Objective: To explore the presence of pain, how pain was addressed by physicians and parents, and how pain affected everyday life in young children with cerebral palsy (CP).
Methods: Children with CP, aged 5–10 years, participated in this cross-sectional study. Data were collected from medical records spanning a period of two years and by a standardized parental interview that included six structured questions and the Pain Interference Index.
Results: A total of 118 children, with a mean age of 7.4 years (SD 1.5), participated in the study. The parents of 81% of these children were interviewed. Pain was reported in 52% of the children, and pain was present at all severity levels. The prescription of analgesics was documented in 25% of these children’s medical records. Fifty-nine percent of the children with pain received analgesics from their parents. Pain restricted the children’s everyday lives particularly concerning sleep, school work and being with friends.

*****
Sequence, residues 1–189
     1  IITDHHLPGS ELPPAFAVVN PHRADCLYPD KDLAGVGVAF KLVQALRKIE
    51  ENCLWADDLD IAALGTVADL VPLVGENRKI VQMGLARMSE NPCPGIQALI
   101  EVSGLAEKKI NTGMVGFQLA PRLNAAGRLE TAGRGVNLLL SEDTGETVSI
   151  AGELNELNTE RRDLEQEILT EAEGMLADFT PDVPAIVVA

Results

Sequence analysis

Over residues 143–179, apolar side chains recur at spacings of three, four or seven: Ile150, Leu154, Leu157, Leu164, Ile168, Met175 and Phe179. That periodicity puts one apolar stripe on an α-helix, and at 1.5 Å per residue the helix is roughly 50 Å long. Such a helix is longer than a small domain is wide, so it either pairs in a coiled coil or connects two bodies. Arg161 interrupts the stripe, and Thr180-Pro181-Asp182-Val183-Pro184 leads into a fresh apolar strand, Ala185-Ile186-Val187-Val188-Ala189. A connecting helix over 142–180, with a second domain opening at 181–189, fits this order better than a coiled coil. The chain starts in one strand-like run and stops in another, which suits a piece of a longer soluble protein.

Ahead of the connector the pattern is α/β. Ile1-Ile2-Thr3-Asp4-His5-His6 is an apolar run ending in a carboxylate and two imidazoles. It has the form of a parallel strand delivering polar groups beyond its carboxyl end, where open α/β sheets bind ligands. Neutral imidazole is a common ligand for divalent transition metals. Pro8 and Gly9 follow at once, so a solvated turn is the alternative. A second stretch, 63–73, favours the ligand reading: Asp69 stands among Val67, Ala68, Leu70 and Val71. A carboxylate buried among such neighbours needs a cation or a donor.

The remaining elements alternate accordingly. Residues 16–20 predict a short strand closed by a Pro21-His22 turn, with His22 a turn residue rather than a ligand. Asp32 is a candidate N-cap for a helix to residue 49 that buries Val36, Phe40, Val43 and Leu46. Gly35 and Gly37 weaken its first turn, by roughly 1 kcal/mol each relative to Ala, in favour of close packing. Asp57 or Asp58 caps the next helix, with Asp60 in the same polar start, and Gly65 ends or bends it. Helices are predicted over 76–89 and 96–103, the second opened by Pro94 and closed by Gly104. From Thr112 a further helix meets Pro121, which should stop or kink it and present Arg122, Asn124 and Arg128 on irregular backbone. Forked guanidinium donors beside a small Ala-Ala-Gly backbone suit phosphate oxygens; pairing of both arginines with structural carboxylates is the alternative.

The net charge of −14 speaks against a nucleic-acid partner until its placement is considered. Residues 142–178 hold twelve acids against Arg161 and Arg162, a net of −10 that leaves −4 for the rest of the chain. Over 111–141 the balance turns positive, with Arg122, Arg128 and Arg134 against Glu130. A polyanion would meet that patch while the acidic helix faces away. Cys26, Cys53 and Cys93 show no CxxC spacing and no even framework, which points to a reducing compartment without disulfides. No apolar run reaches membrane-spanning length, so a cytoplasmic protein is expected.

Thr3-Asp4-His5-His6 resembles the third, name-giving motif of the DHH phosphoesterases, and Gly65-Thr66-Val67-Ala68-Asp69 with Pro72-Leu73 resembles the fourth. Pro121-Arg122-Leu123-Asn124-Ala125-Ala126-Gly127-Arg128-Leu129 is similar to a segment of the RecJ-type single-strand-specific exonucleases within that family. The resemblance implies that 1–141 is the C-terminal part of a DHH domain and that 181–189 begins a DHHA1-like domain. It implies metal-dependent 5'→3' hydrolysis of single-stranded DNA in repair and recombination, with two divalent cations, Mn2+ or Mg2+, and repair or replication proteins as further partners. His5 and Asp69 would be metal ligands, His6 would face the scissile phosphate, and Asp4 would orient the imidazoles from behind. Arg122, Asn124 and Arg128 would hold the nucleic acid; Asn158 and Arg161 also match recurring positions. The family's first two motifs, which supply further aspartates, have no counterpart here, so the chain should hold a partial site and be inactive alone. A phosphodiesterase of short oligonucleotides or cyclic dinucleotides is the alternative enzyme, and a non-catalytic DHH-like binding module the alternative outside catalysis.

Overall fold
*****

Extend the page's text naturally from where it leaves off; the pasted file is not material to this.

Conclusions: Half of this group of young children with CP were reported to have pain. Pain restricted the children's everyday lives and seemed to be under-treated. If pain can be addressed early, the children's everyday lives are likely to be improved.